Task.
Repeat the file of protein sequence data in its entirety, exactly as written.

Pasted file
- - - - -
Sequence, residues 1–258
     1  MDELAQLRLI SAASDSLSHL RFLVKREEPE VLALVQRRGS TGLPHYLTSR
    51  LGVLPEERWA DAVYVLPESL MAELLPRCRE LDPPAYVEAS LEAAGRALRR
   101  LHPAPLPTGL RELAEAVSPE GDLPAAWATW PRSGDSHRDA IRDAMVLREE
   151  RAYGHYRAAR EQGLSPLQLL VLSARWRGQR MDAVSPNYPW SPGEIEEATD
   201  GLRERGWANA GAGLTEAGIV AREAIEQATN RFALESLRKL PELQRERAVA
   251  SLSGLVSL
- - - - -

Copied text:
Sequence, residues 1–258
     1  MDELAQLRLI SAASDSLSHL RFLVKREEPE VLALVQRRGS TGLPHYLTSR
    51  LGVLPEERWA DAVYVLPESL MAELLPRCRE LDPPAYVEAS LEAAGRALRR
   101  LHPAPLPTGL RELAEAVSPE GDLPAAWATW PRSGDSHRDA IRDAMVLREE
   151  RAYGHYRAAR EQGLSPLQLL VLSARWRGQR MDAVSPNYPW SPGEIEEATD
   201  GLRERGWANA GAGLTEAGIV AREAIEQATN RFALESLRKL PELQRERAVA
   251  SLSGLVSL